Then you've got the targeting, which actually for the most part is awesome. L1 locks onto an enemy, displaying a wide circle around your target on-screen. Within that target, a tiny crosshair pops up. You can then maneuver this crosshair with the right analog stick to target a specific part of your foe's body, but the one flaw in this is that it auto-centers when you let go of the analog stick. This is similar to the haphazard manual aiming in Goldeneye 007 for the Nintendo 64, so I suppose this really is a personal issue that I have with this method of aiming, and at least you still stay locked-on to your target. But for those not used to auto-center analog aiming, quickly targeting someone's head and then keeping the crosshair there for when the enemy comes out of cover becomes a somewhat irritating task.
This leads directly into the next problem - enemy AI. In almost every single shootout I've been in, enemies are content to stay in cover, pop out and aim, and then shoot when they see you. That's about it. Thus, as a player, all you need to do is follow suit. Watch them pop out of cover, pop out yourself, squeeze off a few shots, and then duck back down. True, it's tense and sometimes exciting, reminiscent of Winback for - again - the Nintendo 64. But just like Winback, it becomes tiresome when that's all they do. Since a lot of the indoor shooting takes place in corridors, there's no opportunity for enemies to flank you. They don't do that much in more open environments, either. They still stay content with sitting pretty where they are and popping out of cover, even though they should probably be guessing that you've got your gun trained on them already. There's one instance where there were a bunch of little alcoves where I could hide, advance, hide, advance, et cetera. I employed this tactic and totally massacred a bunch of hostiles. Why they didn't think to do the same is beyond me.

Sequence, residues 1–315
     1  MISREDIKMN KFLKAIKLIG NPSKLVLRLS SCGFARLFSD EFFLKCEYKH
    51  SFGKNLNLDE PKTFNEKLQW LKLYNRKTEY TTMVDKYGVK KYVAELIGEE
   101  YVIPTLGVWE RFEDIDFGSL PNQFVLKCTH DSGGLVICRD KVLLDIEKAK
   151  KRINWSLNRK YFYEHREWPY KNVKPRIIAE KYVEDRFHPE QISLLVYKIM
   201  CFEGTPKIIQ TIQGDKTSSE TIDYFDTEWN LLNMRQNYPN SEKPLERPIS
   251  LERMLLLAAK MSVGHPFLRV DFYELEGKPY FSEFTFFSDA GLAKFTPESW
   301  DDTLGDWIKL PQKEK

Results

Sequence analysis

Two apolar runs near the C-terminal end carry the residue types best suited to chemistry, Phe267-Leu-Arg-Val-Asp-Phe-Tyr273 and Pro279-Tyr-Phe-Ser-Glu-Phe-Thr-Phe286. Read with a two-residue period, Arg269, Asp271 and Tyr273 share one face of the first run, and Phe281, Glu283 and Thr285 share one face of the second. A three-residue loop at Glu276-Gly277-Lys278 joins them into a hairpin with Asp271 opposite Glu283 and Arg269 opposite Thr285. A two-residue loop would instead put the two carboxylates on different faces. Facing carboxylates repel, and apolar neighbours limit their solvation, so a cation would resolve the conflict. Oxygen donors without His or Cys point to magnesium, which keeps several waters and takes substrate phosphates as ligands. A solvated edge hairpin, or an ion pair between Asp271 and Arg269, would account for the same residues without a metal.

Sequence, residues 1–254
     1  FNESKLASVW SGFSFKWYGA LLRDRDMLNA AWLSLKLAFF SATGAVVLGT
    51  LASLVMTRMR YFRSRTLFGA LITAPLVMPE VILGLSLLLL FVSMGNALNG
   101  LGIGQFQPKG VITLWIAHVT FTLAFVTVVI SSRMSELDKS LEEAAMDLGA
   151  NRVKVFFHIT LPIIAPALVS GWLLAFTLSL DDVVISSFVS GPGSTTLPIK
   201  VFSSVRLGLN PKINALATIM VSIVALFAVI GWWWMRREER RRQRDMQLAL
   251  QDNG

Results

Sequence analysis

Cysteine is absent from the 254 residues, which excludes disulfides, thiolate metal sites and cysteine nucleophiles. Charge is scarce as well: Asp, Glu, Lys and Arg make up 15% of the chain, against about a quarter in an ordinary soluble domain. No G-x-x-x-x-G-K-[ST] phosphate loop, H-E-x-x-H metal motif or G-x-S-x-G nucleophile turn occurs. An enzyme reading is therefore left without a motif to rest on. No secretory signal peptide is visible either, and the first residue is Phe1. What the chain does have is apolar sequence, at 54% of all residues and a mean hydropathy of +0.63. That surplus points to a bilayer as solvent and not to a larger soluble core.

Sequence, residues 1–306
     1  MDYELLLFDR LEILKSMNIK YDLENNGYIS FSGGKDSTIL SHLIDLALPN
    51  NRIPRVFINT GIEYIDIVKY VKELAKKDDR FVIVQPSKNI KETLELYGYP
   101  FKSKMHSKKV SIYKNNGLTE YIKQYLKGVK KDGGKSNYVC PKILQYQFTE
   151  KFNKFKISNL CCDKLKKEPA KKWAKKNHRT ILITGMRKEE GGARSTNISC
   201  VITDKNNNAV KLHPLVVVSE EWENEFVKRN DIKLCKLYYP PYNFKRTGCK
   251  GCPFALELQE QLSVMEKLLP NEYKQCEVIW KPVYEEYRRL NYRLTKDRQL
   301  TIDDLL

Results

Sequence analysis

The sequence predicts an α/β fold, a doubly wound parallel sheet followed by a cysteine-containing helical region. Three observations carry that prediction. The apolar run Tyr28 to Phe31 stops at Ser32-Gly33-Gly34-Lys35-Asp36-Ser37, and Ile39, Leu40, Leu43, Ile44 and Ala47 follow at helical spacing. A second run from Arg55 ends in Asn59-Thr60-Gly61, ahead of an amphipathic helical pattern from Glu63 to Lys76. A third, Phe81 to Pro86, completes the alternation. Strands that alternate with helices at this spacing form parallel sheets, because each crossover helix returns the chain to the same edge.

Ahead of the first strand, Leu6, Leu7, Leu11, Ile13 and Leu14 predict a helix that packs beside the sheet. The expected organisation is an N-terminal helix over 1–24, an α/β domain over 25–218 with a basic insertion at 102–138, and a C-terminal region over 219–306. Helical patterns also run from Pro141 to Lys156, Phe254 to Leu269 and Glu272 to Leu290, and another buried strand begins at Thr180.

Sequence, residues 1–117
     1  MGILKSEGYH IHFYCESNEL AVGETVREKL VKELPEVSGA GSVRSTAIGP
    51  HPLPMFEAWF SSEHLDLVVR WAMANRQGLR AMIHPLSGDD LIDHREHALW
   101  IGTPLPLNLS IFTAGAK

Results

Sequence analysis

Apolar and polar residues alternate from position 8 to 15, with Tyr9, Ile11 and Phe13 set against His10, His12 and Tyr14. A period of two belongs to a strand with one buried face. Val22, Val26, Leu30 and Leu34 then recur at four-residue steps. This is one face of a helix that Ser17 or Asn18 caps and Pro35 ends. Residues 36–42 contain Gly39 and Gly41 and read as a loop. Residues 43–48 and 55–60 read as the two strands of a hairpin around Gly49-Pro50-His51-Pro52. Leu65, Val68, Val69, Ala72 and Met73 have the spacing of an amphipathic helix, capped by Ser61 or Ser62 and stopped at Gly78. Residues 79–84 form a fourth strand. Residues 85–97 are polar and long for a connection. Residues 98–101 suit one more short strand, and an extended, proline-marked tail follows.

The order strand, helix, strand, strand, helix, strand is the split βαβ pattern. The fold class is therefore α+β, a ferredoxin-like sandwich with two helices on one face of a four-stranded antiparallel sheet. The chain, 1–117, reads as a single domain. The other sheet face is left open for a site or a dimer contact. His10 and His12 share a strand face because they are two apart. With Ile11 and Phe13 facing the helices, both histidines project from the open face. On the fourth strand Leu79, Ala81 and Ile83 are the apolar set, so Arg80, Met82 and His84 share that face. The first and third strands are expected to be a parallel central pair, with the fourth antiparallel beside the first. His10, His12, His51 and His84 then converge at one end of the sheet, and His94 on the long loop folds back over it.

With that said, at least fans of the show who aren't necessarily videogame fanatics can get into the game easily what with the relatively low challenge that the AI presents. And really - it's all about playing through the game to get to the cutscenes. I'll concede right now that I've pretty much given up on this game being more about a videogame experience, because I'm overjoyed that the game's story and presentation absolutely match the show almost cut-for-cut. The multi-paned windows, the voice acting, facial mannerisms, tense moments, plot twists, and even the way the camera pans and zooms in on faces really emulate the feel of the show to the point where paying $40 for what's reportedly an 8-hour season really doesn't cause any buyer's remorse.
Like Black, this will be a tough game to review - but for different reasons. I'm admittedly enjoying it if only for the presentation. I'm just upset that the gameplay really doesn't thrill me, because there was so much potential here for a high quality shooter experience. Regardless, if you really, and I mean REALLY love 24, then you probably don't need to wait for a review to drop the Andrew Jacksons on this.